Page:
He was witnessing little to no strength gain. William says, “working out every single day is not ideal for muscle growth” and “muscles need rest in order to repair and grow back stronger”. So, in order to improve his performance in the final 30 days, William incorporates 2 days of rest per week.
He also switched to sit-ups after doing crunches the first 30 days. In the final 30 days, he also included some progression by adding a weighted vest into the squat and push-up routines with an extra 50 pull-ups. He added 12kg kettlebells to his squats for extra gains on Day 94. After doing the exercise for 100 days, he could do 80 push-ups in a row.
He also concluded that he gained some muscle mainly in the arms and chest but his gains were nowhere near as visible as they were in the first 30 days. He recommends beginners to try the workout only for the first 30 days. He concludes that if one wishes to gain strength and muscle quickly, they should hit the weights. As for his diet, he mentions that he added more greens and protein while avoiding junk food.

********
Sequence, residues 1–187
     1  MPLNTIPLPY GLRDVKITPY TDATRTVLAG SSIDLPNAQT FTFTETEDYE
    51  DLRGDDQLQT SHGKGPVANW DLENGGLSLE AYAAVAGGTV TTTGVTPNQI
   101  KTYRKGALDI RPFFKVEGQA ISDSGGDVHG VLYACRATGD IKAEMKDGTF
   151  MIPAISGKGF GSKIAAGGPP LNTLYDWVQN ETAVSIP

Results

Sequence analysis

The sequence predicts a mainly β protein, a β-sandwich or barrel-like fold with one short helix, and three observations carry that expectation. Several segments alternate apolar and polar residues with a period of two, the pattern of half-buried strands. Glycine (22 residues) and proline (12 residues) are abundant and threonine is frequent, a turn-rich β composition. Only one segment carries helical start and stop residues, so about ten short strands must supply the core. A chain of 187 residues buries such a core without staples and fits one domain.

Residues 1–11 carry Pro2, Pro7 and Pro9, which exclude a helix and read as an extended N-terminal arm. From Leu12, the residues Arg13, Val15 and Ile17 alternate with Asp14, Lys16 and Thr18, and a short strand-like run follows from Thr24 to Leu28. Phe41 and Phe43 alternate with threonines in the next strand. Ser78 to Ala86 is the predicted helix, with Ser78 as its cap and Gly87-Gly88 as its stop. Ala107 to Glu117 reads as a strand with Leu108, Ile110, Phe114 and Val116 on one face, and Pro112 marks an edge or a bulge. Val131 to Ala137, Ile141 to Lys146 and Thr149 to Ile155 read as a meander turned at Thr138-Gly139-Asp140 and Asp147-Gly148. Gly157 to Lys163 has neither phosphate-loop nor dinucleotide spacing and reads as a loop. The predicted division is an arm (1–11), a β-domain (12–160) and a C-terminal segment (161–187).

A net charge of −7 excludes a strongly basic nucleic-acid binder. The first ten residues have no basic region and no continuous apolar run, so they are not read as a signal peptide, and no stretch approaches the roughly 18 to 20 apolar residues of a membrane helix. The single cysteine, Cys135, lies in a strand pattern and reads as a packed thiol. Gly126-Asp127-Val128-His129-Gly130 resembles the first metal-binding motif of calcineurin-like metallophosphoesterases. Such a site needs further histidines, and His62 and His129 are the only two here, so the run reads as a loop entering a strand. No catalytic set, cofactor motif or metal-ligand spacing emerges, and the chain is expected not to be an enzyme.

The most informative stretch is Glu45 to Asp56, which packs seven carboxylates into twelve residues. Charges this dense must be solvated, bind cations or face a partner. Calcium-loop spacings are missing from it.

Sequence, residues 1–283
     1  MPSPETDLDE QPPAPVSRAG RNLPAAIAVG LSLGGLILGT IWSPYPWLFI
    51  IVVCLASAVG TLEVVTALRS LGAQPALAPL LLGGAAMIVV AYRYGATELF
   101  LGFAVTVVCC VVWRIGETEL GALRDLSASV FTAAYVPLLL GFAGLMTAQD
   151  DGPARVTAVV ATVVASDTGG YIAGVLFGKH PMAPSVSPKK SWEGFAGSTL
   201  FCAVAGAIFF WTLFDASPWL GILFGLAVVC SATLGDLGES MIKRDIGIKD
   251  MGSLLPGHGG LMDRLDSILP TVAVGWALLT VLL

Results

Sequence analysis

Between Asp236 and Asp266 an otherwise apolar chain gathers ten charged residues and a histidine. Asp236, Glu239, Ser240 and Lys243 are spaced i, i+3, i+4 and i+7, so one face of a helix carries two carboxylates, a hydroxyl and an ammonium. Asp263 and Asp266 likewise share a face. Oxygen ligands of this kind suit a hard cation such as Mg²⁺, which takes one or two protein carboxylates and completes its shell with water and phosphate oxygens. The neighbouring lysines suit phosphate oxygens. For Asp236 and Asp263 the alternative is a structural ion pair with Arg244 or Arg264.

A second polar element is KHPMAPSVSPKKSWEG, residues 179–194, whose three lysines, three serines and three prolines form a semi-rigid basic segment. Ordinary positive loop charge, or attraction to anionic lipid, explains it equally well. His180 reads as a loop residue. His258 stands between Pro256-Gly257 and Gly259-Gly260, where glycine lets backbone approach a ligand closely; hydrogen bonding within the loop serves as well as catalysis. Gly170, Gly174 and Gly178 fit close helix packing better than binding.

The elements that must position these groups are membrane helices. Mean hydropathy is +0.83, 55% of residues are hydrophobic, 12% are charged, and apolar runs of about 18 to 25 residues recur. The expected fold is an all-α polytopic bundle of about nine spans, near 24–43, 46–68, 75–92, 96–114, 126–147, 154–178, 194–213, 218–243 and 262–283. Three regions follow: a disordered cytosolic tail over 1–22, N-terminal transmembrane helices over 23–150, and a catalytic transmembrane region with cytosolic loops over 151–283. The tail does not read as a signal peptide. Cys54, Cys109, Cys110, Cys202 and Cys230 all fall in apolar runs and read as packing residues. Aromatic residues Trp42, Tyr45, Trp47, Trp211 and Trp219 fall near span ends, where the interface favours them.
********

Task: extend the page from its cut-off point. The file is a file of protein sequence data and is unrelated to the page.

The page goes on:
#3 Youtuber Tyler Oliveira
Tyler mentions in his video that he did the workout for 30 days but was unable to see any visible differences (except for his calves) on his body as the schedule didn’t allow his body to regrow the muscles that he tore down during the workouts.
For the next 30 days, he reduced his workout days to 5 per week and included 2 days of rest. He also reduced the running distance from 10km (6.2 miles) to 6.4km (4 miles). From Day 60, he began his workout routine with a 3.2 mile (4.9km) run, 100 push-ups, 100 sit-ups and 100 squats. But each day he would increase the amount he ran from 3.1 to 3.2 miles and so forth.
And with each week, he would increase the volume of exercises by 10 reps. He advises his audience to use a mirror to help maintain their forms while exercising. Oliveira’s form improved greatly over the 100 days. He also makes a change in his diet to consuming protein-rich foods such as chicken and eggs.
On Day 79, Oliveira observed that there were visible definitions of abs with a thin layer of fat. He also states that the workout was taking a toll and that he “dreads waking up to these push-ups and squats.” However, he also adds, “but the run is relaxing, I’ll give it that much”.